Swear-by-it stories and anecdotal reports of benefit are one thing. Proving a treatment helps is quite another. Many alternative medicine studies have not included a placebo group — people who unknowingly get a dummy treatment so its effect can be compared.
Acupuncture is especially hard to research. Positive studies tend to lack comparison groups that have been given a sham treatment. Or they are often done in China, where the treatment is an established part of health care.
One U.S. study found that true acupuncture relieved knee arthritis pain better than fake acupuncture, in which guide tubes were placed but no needles were inserted. But a European study involving twice as many patients and using a more realistic sham procedure found the fake treatment to be just as good. The conclusion: Pain relief was caused by the placebo effect.
Advertisements and testimonials from product users can encourage a placebo effect. The Federal Trade Commission last summer reached a settlement over advertising claims for Airborne, a product “invented by a teacher” that was supposed to ward off germs spread through the air.
“Products like Airborne are what we call ‘credence products.’ That’s a fancy word for saying it’s difficult or impossible for consumers to determine if the product has done anything for them,” said commission lawyer Rich Cleland. “Part of that is because of the placebo effect. Part of that is because people don’t want to believe they’ve been ripped off.”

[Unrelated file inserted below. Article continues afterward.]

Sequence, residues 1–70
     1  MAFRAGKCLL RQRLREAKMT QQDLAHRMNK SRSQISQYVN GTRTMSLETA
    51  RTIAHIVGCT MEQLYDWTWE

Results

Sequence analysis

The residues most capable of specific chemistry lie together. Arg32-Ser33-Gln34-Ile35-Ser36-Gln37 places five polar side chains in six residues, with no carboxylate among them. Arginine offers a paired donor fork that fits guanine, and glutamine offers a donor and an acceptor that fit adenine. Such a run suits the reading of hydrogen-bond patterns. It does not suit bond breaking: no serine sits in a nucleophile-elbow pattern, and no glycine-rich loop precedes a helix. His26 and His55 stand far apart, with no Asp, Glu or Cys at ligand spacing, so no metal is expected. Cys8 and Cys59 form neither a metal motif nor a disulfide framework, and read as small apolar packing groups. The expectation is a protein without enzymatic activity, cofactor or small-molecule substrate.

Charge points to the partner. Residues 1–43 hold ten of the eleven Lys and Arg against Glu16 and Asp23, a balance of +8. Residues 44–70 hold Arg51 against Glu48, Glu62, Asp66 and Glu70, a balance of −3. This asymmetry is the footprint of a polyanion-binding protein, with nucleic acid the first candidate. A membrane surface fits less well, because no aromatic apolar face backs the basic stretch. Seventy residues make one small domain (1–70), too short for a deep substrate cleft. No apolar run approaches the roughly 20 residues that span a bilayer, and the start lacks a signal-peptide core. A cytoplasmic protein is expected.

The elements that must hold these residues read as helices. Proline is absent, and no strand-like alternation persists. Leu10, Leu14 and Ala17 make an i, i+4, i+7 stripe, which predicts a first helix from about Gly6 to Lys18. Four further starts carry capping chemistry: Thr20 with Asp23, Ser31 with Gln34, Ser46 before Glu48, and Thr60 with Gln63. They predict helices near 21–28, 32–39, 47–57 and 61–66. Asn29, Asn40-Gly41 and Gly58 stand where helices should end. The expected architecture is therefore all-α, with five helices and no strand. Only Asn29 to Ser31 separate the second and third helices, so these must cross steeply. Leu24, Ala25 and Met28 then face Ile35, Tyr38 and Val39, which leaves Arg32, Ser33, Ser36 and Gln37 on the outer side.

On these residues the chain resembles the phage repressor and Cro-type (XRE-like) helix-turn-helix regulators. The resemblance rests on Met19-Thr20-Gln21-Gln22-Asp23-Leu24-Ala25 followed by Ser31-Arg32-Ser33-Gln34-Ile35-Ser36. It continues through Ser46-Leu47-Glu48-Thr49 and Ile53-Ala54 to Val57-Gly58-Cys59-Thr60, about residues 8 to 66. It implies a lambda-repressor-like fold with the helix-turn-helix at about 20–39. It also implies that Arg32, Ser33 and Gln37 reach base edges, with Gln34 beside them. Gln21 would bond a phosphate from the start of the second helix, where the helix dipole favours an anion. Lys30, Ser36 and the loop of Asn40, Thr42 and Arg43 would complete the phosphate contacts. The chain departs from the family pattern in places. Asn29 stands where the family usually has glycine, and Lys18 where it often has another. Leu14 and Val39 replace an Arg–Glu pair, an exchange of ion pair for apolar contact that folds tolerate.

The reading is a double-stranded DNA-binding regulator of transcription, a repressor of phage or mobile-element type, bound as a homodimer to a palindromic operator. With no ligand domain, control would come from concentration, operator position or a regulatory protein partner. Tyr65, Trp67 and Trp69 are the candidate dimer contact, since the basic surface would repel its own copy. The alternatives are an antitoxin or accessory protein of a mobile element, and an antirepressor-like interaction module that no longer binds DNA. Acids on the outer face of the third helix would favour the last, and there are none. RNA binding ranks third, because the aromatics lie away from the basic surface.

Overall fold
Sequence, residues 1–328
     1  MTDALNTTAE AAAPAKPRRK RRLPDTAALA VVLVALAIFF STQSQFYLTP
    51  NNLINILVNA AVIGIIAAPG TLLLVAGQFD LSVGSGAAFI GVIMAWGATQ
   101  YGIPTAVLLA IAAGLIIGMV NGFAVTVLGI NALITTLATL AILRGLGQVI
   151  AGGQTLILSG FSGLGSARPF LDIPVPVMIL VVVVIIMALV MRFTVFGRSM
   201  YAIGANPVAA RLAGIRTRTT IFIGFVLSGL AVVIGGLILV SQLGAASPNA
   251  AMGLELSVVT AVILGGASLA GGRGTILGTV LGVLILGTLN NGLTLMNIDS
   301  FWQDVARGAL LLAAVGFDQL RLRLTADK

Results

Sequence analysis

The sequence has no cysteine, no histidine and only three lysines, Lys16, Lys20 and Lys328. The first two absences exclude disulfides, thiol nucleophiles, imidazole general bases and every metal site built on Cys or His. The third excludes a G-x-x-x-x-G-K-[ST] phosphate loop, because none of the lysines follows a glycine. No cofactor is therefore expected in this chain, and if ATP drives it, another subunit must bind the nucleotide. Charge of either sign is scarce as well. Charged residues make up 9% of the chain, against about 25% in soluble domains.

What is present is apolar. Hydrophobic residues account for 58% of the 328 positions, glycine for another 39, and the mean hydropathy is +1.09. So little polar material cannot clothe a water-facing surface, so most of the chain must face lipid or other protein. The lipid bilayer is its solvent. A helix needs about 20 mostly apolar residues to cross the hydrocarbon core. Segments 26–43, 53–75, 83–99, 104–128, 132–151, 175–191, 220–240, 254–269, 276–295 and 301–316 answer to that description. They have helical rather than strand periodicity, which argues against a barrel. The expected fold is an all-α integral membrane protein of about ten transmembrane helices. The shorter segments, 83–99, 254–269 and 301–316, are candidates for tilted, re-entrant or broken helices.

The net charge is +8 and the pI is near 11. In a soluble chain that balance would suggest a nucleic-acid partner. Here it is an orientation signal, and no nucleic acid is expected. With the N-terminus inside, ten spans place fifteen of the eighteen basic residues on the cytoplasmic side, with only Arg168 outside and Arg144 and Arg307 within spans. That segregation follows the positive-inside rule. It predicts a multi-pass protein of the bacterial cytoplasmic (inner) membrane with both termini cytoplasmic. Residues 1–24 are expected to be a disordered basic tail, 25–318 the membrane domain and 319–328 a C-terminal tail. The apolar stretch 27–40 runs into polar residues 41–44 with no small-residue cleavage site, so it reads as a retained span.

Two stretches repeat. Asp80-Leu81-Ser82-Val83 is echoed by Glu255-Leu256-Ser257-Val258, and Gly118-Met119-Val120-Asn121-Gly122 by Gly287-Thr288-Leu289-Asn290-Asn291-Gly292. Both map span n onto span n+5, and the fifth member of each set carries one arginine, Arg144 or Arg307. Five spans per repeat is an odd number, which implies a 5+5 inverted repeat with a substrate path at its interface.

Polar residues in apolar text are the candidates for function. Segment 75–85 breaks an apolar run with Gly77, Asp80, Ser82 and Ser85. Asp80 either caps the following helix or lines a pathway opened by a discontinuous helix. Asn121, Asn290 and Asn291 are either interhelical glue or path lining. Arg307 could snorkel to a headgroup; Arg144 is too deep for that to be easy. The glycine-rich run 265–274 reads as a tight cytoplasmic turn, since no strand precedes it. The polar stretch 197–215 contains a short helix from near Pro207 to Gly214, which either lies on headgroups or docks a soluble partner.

Barbara Domen, a former kindergarten teacher in North Carolina, said she was prone to colds and used Airborne six or seven times a year when she flew on planes.
“It worked for me,” although it could be because since she retired, “I’m away from all the germs,” she said. She skipped it on one flight and caught a terrible cold.
“Maybe it’s psychological, but I think I’ll continue to use it,” she said.
Some placebo effects are due to conditioning, or ascribing benefits to something you did that may in fact have played no role in your improvement. Insomnia is an example, said Michael Perlis, a psychologist and neuroscientist at the University of Pennsylvania.
If you have trouble sleeping one night, your body’s need for sleep makes it very likely you’ll sleep well the next night. If you take a sleeping pill, you think you slept well because of the pill, he said.
Do any herbal remedies work for insomnia? “Not that I know of,” Perlis said. “But all of them have potential to be useful with time. It has nothing to do with them — it has everything to do with conditioning.”
On the Net:
FDA article on placebos: tinyurl.com/ycb6zx4
American Cancer Society on placebos: http:// tinyurl.com/ybhtgaw